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A Root That Grounds

Plant name: Vetiver
Latin name: Vetiveria zizanioides
Parts used: Roots
Sourced from: Haiti

Take one look at the roots of the vetiver plant and you’ll find a tangled, grotesque maze of fine strands. (It looks a lot like hair that’s just been pulled from a comb.) And yet, even though visually it reads as sheer chaos, vetiver’s wild root system delivers a symphony of balance—grounding, calm, stillness—for skin, body, and mind.


If the Taurus is all about grounding and steadiness, then vetiver is their mascot. This steadfast plant is known as one of the most calming and centering essential oils in aromatherapy. It is a dependable and reliable cure-all for all skin types and can smooth wrinkles, fade stretch marks, balance dry skin, and repair wounds. And because it has anti-inflammatory properties, it can be helpful for treating acne. It is a star ingredient in our balancing Juniper Carrot Seed Face Oil and our healing Repair Balm for all of the reasons we just mentioned, but there are still more reasons to love this plant.



In Traditional Chinese Medicine, vetiver is classified as having a “cool” and “moist” energy and so it is used to reduce fever, inflammation and other “hot” ailments. Ayurvedic medicine cites vetiver’s use as cooling pitta (metabolism, digestion, hormones) and grounding vata (energy, movement, nerve impulses, circulation).

Vetiver is a circulatory stimulant, so it can remedy muscular aches and discomfort arising from varicose veins. Benefits to the reproductive and endocrine system have also been noted by herbalists, such as for PMS, postpartum care, and menopause.

In aromatherapy, vetiver’s centering nature really shines. It is an olfactory whisper that quells anxiety and quiets the spiraling mind. For this reason, we recommend dabbing Repair Balm under your nose before you sleep, to help you find stillness and grounding energy before surrendering to your dreams.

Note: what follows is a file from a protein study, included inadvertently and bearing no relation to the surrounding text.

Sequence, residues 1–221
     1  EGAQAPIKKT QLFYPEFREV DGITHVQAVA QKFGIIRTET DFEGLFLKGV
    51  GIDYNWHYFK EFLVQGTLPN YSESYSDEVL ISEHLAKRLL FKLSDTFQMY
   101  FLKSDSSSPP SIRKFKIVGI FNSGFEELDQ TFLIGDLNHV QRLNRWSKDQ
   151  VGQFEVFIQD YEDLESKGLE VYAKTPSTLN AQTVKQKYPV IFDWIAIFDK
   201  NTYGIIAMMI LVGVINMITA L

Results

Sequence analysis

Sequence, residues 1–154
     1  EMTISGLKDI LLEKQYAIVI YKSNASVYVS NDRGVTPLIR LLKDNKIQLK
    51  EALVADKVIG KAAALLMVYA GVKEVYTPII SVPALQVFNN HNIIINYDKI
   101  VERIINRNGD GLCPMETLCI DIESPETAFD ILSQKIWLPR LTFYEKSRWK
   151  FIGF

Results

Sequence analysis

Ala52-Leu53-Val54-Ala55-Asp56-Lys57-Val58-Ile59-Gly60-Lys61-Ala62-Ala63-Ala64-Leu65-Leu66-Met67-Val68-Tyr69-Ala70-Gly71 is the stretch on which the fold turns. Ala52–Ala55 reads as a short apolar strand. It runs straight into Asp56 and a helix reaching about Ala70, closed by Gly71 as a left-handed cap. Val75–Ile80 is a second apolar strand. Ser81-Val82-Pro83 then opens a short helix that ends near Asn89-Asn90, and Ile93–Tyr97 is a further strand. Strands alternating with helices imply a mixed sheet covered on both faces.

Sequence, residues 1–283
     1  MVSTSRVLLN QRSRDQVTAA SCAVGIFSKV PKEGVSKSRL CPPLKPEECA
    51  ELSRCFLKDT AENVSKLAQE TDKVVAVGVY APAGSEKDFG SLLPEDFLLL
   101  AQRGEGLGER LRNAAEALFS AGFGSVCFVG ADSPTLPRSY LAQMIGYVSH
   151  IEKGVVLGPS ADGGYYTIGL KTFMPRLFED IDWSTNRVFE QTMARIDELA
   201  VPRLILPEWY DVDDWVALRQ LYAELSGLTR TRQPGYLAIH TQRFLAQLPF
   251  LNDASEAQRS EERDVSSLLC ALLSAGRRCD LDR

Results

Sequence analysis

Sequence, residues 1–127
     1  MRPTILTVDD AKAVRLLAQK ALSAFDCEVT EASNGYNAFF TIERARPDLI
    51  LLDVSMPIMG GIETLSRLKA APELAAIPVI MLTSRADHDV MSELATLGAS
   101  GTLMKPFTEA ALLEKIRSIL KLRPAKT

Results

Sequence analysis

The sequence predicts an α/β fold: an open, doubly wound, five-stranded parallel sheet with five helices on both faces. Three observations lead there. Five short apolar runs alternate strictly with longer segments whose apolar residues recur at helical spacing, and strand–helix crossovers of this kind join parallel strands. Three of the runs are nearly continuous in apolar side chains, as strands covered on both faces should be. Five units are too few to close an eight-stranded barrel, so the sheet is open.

Vetiver is often used as a base note in perfumes and is usually the predominant scent in any formulation containing its essential oil. It can also be used to stabilize scent in a perfume. While the scent varies depending on the sourcing origin and the quality of the extraction, you can typically expect an earthy, woodsy, balsamic or caramel-like sweetness with a hint of smoke. Vetiver bears some similarities to sandalwood, but it has a more distinctive and resinous scent, which means you can use less of it. It is also a more sustainable plant to harvest.



Because of vetiver's impressive root system—it grows straight down into the soil up to a depth of 20 feet!—this grass is used to prevent soil erosion in various topographies around the world, wherever the climate can support its growth. It’s a low-maintenance and natural solution to erosion that, once established, can prevent erosion with no additional work or maintenance for years. You can read more about this cool project at Vetiver Solutions.



Originally from India, vetiver was brought to North America and Europe by British colonizers. The vetiver grass is primarily grown in Haiti, Sri Lanka, and India, although its essential oil distillation occurs all over the world. Our organic vetiver essential oil is hydro-distilled from vetiver that is sourced from Haiti.

We use vetiver essential oil in: 

Repair Balm
Juniper Carrot Seed Face Oil
Cedar Spruce Baking Soda Free Deodorant Stick


The Meow Meow Tweet blog is a collaborative thought project between the founders of Meow Meow Tweet and our editorial team. This post was written by Vera Kachouh.


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